Stories: Children, Communities, Futures

In 2006, I took my first steps into the world of international development.

Having spent almost a decade at the helm of the Association of Children’s Welfare Agencies in Australia, following postgraduate studies and a long career in social work, I had a strong desire to continue working for an organisation focused on improving the lives of vulnerable children. To do this at a global, rather than national, level was an exciting opportunity.

The complexities of protecting children

My experience thus far had taught me that myriad factors can result in increased vulnerability for children. Nor are these influences confined to national borders. Children suffering from a lack of proper parental care, inadequate food, shelter or clothing, poor health care and low family incomes can be found in each corner of the globe.

However, during my early days with ChildFund, I was quick to discover how extreme deprivation and poverty adds so many additional layers of complexity to the issue of child protection in countries where there is no social safety net in place.

In the communities where ChildFund works, the majority of parents are dedicated to giving their children a better future and are determined to provide access to those opportunities unavailable during their own childhoods. Most importantly, parents are desperate to ensure that their children survive to adulthood.

Yet natural disasters, civil upheaval or a chronic lack of basic services are sadly not within their control. It is devastating for any parent to discover that, despite their most concerted efforts, they are not able to provide their children with the protection they rightly deserve. Many parents in developing countries live constantly with this fear.

This is where I believe ChildFund best fulfils its mission: by providing support to families and communities where all other possible options have been exhausted. We have the ability and know-how to fill the missing gaps — provide help, guidance and support with no strings attached — and work alongside communities to ensure that the best possible outcomes are achieved for children.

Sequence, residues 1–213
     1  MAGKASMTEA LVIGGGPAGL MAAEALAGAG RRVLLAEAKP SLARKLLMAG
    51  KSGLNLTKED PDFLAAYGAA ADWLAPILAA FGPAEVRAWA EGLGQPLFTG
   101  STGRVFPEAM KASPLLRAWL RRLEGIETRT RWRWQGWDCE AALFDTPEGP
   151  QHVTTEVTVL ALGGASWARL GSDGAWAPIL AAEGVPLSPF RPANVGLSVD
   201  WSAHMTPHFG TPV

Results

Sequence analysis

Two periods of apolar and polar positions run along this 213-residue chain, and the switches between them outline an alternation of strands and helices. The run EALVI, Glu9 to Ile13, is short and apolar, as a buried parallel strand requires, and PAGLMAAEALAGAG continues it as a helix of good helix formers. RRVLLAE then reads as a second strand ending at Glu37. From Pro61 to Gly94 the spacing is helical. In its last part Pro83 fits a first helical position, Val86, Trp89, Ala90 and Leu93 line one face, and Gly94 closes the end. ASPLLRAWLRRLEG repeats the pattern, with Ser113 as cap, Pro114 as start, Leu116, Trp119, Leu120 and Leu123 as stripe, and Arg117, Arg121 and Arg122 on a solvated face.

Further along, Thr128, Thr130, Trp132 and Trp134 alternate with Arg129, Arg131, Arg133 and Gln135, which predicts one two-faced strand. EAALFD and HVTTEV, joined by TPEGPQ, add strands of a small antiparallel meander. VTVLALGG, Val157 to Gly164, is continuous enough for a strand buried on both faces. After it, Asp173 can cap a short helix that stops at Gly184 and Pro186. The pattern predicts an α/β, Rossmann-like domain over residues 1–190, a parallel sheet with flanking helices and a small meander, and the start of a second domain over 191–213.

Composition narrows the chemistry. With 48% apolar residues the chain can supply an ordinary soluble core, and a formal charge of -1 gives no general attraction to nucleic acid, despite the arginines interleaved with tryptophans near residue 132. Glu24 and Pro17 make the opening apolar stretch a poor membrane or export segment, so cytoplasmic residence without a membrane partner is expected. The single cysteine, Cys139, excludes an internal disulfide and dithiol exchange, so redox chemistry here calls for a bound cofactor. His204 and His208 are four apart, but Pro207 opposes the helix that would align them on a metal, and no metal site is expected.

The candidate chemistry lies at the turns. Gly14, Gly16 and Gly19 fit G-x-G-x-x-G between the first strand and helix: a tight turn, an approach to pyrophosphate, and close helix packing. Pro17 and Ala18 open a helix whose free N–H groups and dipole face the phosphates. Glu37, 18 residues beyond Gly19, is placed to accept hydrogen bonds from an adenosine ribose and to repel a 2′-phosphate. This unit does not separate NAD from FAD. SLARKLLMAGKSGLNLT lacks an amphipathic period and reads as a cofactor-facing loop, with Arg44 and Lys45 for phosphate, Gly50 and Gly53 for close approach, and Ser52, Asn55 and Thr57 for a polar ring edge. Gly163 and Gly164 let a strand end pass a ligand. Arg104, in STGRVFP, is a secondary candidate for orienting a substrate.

Along this 75-year journey, ChildFund’s approach to helping children has changed and evolved, moving from a focus on orphanages for destitute children, to family support and then to community partnerships that deliver effective development programs. Our child focus has strengthened, and children are actively consulted and encouraged to voice their opinions on plans for their communities. Taking the time to learn from mistakes has also been integral to our development.

We can be proud of what we have achieved so far. According to the World Health Organisation, the likelihood of a child dying before reaching the age of 5 is now approximately 7 percent, compared to 25 percent in 1950. This is a remarkable global achievement.

There is an oft-quoted phrase in our sector: “It takes a village to raise a child.” I would like to think that ChildFund is a member of that village.

A shelter from the storm

I am a young Papua New Guinean woman who has been working in the development sector for several years. Despite this, I had never been tested for HIV.

Papua New Guinea (PNG) has one of the most serious HIV epidemics in the Pacific region. Approximately 25,000 people are living with HIV in PNG and 13,000 children have been orphaned by AIDS.

Infections rates are rising amongst young people in rural areas. To help combat the spread of HIV ChildFund PNG is rolling out Voluntary Confidential Counselling and Testing (VCCT) in the communities we work with in Rigo district, Central Province.

Being young and having been in a relationship where my partner had been unfaithful, I realised it was time I think about my future and get tested to learn my HIV status.

While in the field, I decided to utilise the VCCT service provided in Kokorogoro village by ChildFund. I was a bit nervous but I was encouraged by my colleague, Terina €“ from ChildFund Australia who was in PNG on a monitoring trip €“ and both of us went to be tested.

The VCCT service is very thorough and professional. When you get tested you receive both pre and post-testing counselling and the HIV test is done by a ChildFund-trained community health worker.

Now I know personally how it feels to be tested and also the feeling you get afterwards when you know the result. I was so happy to know my status.

I am relieved and am now looking forward to living a responsible and healthy life. I want to live a long life and contribute to building our nation.